"Well, it was a long time ago, right? Plus, you were never going to leave me, so I took care of what needed to happen."

Phil wiped the sweat off his forehead with his sleeve, realized he'd run out of things to say. Julie backed away from him, closing the door without taking her eyes off him.

Whirling away, seeking the grander exit, he tripped over a sprinkler head. He made it back to his driveway, stood staring at her house, scrutinized the furniture and boxes in the yard with a proprietary eye. He didn't recognize any of it, then wondered why he should. Glancing at his watch, he thought, five minutes ago, everything was normal. I was happy. He turned and stared at his front door, pictured himself running out of it, saying I love you to his wife on his way out. He climbed into his car, watched in his rearview mirror as someone started up the van, pulling it out of the way.

Phil called his best friend Dave when he got to the office. Friends since high school, Dave answered on the first ring. "Hey Phil, to what do I owe the pleasure first thing in the morning on a Monday?"

"Julie's moved in next door."

"Uh, what? What did you say?

"Julie, my ex-girlfriend, has moved in next door." Phil filled his friend in on the van blocking the driveway, the big scene in the doorway.

"Crazy Julie from our college days? The girl I nicknamed "Fatal Attraction" after the movie? She was next door?"

"Yup. She's setting up the house as we speak."

"What does Pam think?"


"Yeah, Pam, the love of your life, your wife of five years, etc. What does Pam think?"

"I haven't told her yet. I just got in the car and came to work after they moved the van."

"You need to have this conversation with Pam. Right now, forget you even called me." Phil thought Dave had a crush on Pam. He once caught him ogling her from behind in the kitchen during a long Sunday afternoon punctuated with football on TV and beers on the couch.

"Well, make yourself useful; how do you think I should handle this? You know as well as anyone what Julie's like." Phil had spent many nights on Dave's couch after arguments with Julie during his last year at the university. Phil had kept track of these with hash marks on a small blackboard on the back of his apartment door.

"How do I think you should handle this? Pam knows about Julie, right?"

"Well, yeah, the basics, we were together, we broke up..."

"Okay, stop there. So, you had nothing to do with her moving in next door, right?"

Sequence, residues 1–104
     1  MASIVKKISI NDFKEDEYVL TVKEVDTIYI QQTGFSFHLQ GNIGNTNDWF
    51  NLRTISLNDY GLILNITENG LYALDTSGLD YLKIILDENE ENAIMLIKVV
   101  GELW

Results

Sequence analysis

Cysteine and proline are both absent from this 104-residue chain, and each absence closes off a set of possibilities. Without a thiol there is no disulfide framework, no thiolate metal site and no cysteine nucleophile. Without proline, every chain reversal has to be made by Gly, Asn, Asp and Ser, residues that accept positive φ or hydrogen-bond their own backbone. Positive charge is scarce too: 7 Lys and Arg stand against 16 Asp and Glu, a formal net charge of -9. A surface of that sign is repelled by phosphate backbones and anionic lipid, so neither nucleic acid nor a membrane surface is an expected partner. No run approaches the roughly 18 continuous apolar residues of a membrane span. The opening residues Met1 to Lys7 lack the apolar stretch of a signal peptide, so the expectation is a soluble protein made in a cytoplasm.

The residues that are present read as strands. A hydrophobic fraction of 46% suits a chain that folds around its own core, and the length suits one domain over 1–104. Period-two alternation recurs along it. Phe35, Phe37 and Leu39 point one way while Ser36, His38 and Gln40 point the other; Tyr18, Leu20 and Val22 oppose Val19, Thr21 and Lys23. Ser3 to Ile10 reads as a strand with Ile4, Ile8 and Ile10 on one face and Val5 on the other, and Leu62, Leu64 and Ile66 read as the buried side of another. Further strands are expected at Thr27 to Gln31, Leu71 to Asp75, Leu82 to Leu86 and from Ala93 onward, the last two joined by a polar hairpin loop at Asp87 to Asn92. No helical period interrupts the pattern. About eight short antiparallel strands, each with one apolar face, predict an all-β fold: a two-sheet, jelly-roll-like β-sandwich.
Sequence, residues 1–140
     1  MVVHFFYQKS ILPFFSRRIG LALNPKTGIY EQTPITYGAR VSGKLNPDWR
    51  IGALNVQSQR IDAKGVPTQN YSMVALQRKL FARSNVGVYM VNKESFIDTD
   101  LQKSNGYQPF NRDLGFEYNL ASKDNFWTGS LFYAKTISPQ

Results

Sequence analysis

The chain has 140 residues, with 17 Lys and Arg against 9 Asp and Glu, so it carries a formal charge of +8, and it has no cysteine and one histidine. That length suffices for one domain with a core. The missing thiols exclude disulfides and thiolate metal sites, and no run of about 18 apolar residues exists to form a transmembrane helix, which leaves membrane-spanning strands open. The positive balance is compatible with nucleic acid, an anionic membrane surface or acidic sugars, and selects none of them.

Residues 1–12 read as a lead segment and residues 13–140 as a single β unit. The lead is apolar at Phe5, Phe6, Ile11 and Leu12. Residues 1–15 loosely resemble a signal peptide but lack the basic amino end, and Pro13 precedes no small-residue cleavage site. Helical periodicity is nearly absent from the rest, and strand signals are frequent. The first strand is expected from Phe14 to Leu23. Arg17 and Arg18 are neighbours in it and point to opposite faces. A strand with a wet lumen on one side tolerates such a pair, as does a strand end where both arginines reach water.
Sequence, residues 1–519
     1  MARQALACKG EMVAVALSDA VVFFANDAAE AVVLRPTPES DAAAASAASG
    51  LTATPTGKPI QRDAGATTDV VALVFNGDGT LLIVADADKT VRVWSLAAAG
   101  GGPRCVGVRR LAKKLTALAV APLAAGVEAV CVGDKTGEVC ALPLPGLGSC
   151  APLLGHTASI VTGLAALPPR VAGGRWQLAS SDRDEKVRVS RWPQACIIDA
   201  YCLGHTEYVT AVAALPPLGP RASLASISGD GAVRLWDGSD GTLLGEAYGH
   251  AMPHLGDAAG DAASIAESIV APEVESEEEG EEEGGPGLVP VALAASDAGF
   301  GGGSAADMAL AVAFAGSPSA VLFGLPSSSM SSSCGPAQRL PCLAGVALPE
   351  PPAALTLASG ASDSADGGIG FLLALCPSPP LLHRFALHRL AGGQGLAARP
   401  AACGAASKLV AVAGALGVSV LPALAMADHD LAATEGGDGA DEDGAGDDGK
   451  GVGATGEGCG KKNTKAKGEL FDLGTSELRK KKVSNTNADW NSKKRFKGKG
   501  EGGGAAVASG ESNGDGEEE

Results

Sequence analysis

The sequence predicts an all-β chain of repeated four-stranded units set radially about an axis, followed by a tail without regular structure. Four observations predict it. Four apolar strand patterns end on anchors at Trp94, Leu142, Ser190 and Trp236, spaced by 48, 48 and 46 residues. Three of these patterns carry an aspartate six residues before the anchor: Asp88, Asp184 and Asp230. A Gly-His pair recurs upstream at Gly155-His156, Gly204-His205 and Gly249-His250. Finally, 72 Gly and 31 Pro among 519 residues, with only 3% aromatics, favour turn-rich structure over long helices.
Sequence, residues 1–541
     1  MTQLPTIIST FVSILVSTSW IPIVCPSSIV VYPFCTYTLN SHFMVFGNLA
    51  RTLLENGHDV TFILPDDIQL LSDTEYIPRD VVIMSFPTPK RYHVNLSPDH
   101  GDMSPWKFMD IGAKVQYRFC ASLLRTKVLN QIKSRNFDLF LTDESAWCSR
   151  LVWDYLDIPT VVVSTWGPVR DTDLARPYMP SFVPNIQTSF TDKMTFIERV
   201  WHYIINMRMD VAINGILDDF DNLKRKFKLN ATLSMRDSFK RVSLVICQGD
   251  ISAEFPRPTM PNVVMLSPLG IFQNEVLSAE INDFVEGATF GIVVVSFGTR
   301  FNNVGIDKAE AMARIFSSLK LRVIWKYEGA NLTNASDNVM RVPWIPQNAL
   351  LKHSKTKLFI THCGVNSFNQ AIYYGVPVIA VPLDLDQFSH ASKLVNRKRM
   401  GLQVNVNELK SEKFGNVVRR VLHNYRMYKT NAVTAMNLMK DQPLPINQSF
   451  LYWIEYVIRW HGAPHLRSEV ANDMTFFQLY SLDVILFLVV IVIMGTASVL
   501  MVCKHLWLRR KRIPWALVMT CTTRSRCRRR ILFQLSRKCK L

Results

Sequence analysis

"Yes," said Phil, "Of course not." He took a deep breath.

"Okay," said Dave. "You see, you haven't done anything wrong. You don't need a story. Just tell the truth."

"Then why do I feel so guilty?" Phil's fingers ached from the death grip he had on the phone. The entire relationship, his history with Julie always reminded him of a thrill ride at a theme park. He stared at a spot on the wall of his office but was somewhere else. He remembered a time when he was five years old, on his first rollercoaster, holding the padded safety bar locking him in place as they ratcheted over the top of the first climb. It was hard to breathe with the bar pressing into his stomach. The clicking sound of the cars ticked off as a countdown until the moment of weightlessness, the pause before gravity took over, and the thrill began. The sun had been in his eyes. He looked away to the side and downward at the amusement park, all those tiny people walking around, then back again at the blue sky straight ahead, as the car pitched downward. He stared over the front as the view changed to the impossible corkscrew of the rails twisting beneath him.

Phil said, "I'll call you back." He grabbed his keys and retraced his path home, telling his assistant something or other about a modest emergency at home. He pulled into his driveway a half-hour later. The sprinklers had run in the meantime, wetting both his yard and driveway. It was quiet, the commuters had left, and the neighborhood kids were all in school.

He came through the front door at a jog, yelled, "Pam, I'm home."

"What's wrong," she yelled in response.

"Nothing's wrong; I thought of something, something came up I needed to tell you."

"I bet," she said. "We're back here on the patio."

Phil heard laughter. The laughter was Julie's, not Pam's. He jerked to attention; the hair on the back of his neck stood up.

He came through the house to the kitchen and looked through the screen door into their backyard, the small concrete patio with the barbecue off to the side. His wife and former girlfriend sat across from one another in lounge chairs, drinking coffee like old pals.

"Well," he said. "So, you've met."

"No thanks to you," said Pam. "I've been getting acquainted with the famous Julie," she said through clenched teeth.

"Hello again, Phil, kind of short workday for you, huh?" said Julie. Then, rising from her chair, she said, "This has been great Pam, thanks so much for the coffee and conversation. Phil looks like he has something on his mind, and I've got a lot of work to do."